About a year ago, Preview Release 1 introduced Soroban to the world, and since then, there's been a steady drumbeat of successive preview releases marking progress in the march towards Mainnet launch. In the past three months alone, some of the most crucial design decisions were implemented — Preview Release 9, which came out in May, introduced a fee structure fine-tuned for efficiency and fairness; Preview Release 10, which came out in July, introduced a novel approach to data storage that solves for unbounded state growth — and at this point, Soroban has all of its core functionality in place. It is, in other words, feature complete.
There's still work to be done auditing and hardening the code, and there's still work to be done downstream on tools, on the RPC, on SDKs, and on documentation, but if you're building on Futurenet today, you're pretty much building on Soroban v1. It's amazing how much came together, ex nihilo, in a year.
What's especially amazing is that Soroban has been — and continues to be — developed entirely in the open. Ten public preview releases! Throughout them all, any and all comers encouraged to play with the code, to participate in its evolution, to tinker and build and lend it shape! Every line of code is public, every design doc is public, and every important development discussion is public. Have an opinion? Want to see what's happening? Just join the Stellar Dev Discord. It's all there, laid bare for you to see.
There have been so many ideas, so many contributions, and so much feedback coming from so many different voices, and even though that level of democratic access is inherently messy, it has been a wonderful thing to watch, and the result is much, much better and came way, way faster than if a core group of engineers tried to build something like this in a silo.
In addition, because Soroban has been built in the open, and because ecosystem devs have been hacking away throughout all 10 preview releases, something else remarkable has happened: a viable ecosystem of smart contracts projects has come together alongside the platform itself. At this moment, there are over 70 projects building in the Soroban sandbox that I personally know about, and there are likely many more that I don't. Many of those projects create fundamental building blocks that stack together to allow for the creation of end-to-end use cases, and a lot of them will be ready on or around mainnet launch. Those projects include:
For each of those categories, and for several others, there are actually multiple projects building on Soroban, which means that the fundamentals for a robust ecosystem are in place, in duplicate, triplicate, sometimes even in quadruplicate. If you're a developer, you don't need to wait for building blocks to get started: they're here, now, ready for you.
Sharing preview releases also meant that people had their hands on bleeding edge code, and there were still some sharp edges to sand down. "Please test Soroban out," the docs encouraged, "see what you can do, and let us know what you think." But also, "Keep in mind a lot will change between now and the production release, so expect your code to break, and prepare for updates to shift things. Experiment, but don't build to last just yet."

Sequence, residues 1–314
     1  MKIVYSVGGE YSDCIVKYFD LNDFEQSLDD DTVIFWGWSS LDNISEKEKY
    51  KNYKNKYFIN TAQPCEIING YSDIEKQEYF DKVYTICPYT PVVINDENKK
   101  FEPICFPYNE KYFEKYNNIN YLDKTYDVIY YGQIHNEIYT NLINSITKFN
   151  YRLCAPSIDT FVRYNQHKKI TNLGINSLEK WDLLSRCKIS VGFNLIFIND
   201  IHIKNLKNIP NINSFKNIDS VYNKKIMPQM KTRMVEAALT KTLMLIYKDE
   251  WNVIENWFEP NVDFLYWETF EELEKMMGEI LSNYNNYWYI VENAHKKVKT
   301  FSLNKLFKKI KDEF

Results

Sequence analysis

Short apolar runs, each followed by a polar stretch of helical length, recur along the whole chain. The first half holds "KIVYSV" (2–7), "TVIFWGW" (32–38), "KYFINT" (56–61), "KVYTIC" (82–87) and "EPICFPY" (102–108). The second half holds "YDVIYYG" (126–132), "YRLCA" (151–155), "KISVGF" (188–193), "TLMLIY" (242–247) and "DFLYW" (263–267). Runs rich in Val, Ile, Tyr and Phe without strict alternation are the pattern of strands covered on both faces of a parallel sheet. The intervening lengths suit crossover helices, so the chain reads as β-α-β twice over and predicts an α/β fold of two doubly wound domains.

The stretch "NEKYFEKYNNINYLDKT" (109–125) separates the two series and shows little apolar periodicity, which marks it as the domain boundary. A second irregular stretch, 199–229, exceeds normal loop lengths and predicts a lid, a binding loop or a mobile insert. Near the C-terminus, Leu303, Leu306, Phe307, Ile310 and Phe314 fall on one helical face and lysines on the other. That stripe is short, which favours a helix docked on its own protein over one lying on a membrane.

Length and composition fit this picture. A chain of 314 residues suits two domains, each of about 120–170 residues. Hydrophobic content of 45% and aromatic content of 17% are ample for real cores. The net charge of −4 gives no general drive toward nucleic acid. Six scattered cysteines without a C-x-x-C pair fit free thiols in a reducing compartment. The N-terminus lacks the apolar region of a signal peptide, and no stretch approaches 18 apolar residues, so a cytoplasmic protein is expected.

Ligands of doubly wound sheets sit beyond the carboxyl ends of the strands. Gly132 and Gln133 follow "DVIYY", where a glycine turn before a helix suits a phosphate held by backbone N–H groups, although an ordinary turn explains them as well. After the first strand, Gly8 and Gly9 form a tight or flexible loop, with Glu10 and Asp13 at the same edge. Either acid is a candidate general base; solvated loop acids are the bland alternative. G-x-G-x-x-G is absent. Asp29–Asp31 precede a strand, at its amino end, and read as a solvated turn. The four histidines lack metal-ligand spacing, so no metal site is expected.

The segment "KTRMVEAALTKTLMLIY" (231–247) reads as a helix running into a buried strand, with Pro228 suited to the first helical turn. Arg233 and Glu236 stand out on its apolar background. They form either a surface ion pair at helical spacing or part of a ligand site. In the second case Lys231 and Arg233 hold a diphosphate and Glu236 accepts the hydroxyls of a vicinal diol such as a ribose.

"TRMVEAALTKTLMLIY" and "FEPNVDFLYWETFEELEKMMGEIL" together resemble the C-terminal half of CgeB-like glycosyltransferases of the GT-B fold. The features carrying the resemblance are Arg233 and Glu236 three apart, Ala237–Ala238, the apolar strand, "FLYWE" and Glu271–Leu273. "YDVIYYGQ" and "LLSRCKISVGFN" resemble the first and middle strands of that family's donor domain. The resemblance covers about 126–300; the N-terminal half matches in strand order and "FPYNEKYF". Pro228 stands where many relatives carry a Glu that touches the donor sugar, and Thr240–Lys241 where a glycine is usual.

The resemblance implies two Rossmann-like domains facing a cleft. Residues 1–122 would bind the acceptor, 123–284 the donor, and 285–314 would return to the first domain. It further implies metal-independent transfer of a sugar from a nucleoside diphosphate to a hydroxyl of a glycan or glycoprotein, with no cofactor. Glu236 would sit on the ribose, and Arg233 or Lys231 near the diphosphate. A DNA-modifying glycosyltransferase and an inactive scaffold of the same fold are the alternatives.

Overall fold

And indeed, there were breaking changes throughout the previews that required developers to adapt and rewrite code. The authorization model changed, type definitions changed, the token interface changed. Preview Release 10 proved especially challenging because it introduced state expiration, a new concept for most, if not all, blockchain developers. Ledger entries don't persist indefinitely! They can, and do, expire! For the first time, devs were required to specify the type of storage their contracts use. And because Futurenet was initially configured with a 6-hour expiration, pretty much everyone building on Soroban had to figure out how to bump ledger entries to keep them from expiring, and how to restore them when they do. How did they do it? At first, there wasn't much in the way of tooling or guidance, but then people started tinkering, testing things out, and sharing workarounds. They persevered, helped each other out, and gave invaluable feedback to Soroban engineers. If you're one of those people, thank you! We are all — everyone in the Stellar ecosystem — super grateful, forever in your debt.
As part of that, we want to continue to encourage developers to keep tinkering, building, and working on end-to-end user experiences, and so we're launching new programs to encourage and support dapp development. The first, Sorobounty Spectacular, a content bounty designed to award the creation of Soroban tutorials, is up and running now. If you're interested in documenting your dapp-building experiences, getting into the nuts and bolts of what you're building, and growing the overall knowledge base to help onboard more devs and jumpstart the ecosystem, it's the program for you. The second, Sorobanathon: Road to Mainnet, a virtual hackathon designed to give devs structure to learn the basics and build Soroban dapps, kicks off next week. It's an opportunity to work alongside a vibrant community of devs, and to quickly ideate, code, and ship a project, and it's open to devs of all levels of experience. If you're interested in finding out more about those, or any of the other Soroban developer engagement programs, check out the newly updated Developer's Guide to Soroban Adoption Fund Programs.
And if you're interested in dapp development, and want to ask questions, provide feedback, or just keep up with ongoing efforts to improve Soroban developer experience, make sure to check out the new #dapp-devx channel in the Stellar Dev Discord.
It's an exciting time to be a part of the Stellar ecosystem, and it has been amazing to see how much life there has been in preview. Onwards, upwards, and thank you.